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Bebop Spoken There

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11,626 (and counting) posts since we started blogging just over 12 years ago. 761 of them this year alone and, so far, 25 this month (July 6).

Today

As we all know there are no live gigs taking place in the immediate future. However, any links to jazz streaming that are deemed suitable - i.e. with a professional approach - will be considered for posting.

Tuesday, June 14, 2011

NEWCASTLE UNIVERSITY MUSIC FESTIVAL AT KING’S HALL

.Newcastle University Saxophone Quartet (Monday afternoon June 13th)

(Jamie Stockbridge, Charlie Bayley, Nicola Thorne and David Mabbott).

I thought I was going to hear classical music at this free festival, which is on for an hour each day this week, and also in the evenings. However the final item of the concert turned out to be this saxophone quartet who treated us to some very tasty tunes.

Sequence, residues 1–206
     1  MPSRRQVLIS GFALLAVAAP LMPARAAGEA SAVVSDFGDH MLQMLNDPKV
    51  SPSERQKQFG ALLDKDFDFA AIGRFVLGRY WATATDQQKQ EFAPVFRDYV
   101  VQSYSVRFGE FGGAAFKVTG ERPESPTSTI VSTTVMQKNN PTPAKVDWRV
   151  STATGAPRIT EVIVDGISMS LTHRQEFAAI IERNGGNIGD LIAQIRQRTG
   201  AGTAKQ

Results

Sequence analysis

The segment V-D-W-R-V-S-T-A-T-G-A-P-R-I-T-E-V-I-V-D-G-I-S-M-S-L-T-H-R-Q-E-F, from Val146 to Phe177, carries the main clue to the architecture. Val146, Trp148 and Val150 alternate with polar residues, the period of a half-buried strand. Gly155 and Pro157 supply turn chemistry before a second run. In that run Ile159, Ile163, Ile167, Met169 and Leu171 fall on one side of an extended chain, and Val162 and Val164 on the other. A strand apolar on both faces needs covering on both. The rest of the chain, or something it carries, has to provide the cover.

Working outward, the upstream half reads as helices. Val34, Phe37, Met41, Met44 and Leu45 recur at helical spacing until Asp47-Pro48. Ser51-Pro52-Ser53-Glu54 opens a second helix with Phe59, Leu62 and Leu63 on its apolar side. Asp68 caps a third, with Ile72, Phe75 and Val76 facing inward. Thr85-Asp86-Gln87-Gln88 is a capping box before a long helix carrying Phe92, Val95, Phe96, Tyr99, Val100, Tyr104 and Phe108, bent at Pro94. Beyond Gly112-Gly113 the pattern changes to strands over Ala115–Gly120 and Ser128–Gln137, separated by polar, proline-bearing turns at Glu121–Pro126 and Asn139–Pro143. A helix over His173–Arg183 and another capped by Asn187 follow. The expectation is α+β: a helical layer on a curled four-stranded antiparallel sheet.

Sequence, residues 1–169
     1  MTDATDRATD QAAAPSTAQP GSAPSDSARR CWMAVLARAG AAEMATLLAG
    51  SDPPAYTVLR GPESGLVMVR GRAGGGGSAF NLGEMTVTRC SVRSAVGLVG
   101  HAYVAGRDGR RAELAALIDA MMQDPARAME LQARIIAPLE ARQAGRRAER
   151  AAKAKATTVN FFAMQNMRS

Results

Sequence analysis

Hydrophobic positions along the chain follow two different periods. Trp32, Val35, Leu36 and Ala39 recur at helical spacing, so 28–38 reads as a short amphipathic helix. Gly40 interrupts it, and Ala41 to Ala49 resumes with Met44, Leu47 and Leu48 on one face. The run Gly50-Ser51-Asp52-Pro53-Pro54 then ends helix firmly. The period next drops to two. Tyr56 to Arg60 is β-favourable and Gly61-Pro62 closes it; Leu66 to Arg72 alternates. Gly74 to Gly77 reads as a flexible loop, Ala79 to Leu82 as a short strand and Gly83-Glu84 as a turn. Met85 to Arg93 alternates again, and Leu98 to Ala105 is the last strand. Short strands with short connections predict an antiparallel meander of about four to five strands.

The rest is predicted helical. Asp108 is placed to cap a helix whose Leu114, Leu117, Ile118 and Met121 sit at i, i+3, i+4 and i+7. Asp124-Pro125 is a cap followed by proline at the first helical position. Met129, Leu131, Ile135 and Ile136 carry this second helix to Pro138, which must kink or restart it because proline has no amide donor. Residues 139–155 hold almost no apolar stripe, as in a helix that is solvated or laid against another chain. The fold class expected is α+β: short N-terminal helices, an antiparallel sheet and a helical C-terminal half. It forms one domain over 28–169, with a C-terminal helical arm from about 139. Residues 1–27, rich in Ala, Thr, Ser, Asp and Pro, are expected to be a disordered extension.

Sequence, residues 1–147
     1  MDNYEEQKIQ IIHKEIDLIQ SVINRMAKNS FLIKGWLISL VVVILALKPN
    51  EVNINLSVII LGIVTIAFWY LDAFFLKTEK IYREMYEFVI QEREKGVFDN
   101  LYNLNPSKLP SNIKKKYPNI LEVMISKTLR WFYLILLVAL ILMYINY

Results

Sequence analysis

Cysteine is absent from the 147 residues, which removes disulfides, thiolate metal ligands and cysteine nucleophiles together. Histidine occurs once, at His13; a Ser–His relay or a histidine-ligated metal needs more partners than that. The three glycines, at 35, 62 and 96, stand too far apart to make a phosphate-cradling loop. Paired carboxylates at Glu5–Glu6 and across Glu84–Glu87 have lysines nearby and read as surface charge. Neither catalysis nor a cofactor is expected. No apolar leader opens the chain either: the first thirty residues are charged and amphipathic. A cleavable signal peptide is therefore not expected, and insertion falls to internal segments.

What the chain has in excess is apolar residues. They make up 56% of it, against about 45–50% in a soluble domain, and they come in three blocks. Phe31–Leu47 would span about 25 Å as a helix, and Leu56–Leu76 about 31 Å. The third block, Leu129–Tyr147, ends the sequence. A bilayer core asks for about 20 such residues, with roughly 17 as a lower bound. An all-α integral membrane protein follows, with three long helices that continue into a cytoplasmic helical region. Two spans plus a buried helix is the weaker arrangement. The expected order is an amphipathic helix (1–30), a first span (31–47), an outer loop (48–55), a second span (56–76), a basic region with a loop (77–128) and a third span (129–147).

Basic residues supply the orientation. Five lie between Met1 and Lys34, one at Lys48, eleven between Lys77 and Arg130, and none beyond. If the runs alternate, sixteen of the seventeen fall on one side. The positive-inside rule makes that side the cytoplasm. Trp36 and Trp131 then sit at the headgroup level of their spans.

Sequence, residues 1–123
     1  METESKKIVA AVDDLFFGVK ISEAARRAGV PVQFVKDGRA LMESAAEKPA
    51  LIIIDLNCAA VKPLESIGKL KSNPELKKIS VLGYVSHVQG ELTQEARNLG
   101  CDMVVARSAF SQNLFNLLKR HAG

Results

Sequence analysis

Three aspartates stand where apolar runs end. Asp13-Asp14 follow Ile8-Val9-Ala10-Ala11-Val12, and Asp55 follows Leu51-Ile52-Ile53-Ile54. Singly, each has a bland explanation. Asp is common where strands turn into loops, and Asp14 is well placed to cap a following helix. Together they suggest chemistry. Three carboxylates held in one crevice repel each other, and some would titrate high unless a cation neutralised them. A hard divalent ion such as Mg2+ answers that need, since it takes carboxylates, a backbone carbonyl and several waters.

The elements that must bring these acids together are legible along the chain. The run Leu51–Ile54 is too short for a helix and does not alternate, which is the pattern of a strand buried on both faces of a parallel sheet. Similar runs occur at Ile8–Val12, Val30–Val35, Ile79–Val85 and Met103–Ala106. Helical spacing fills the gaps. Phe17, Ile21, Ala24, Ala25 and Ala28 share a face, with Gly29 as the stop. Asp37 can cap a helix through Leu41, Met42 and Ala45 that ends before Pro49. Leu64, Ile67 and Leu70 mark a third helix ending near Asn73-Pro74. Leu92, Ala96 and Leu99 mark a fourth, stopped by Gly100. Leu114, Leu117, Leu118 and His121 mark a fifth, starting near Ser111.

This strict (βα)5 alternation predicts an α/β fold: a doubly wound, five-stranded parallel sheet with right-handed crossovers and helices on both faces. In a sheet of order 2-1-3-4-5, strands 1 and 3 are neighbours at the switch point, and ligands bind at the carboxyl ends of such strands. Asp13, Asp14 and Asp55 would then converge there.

They began with a tune by someone called Bill Hayes – I didn’t catch the title but it was something about wine. Then came Autumn Leaves, slow and fast by turns, with a high pitched climax towards the end. There followed Brubeck’s Blue Rondo a la Turk, from the Time Out album with short perky solos. Next came another title I didn’t catch, (was it London or Loudon?) by Thelonious Monk, a lovely deep slow relaxed tune. The performance ended with a 1940’s medley which rounded off the concert in lively fashion with a ride on the Chattanooga Choo Choo.

The four sax’s covered the range well, from the straight one (soprano?) to a deep one (baritone?) and, I presume, alto and tenor in between. (Sorry to sound so amateurish about this). The elegant surroundings of the King’s Hall didn’t detract and actually helped me to concentrate on the music more.

I’d recommend these concerts to music lovers in general. We were also so treated to wonderful piano (Beethoven, Chopin, and not a note of printed music anywhere). There was also an avant-garde (their description) piece by a tuba and trombone duo, which I thought defied classification, and could have been classical, or even Jazz North East ‘On The Outside’.

Ann Alex

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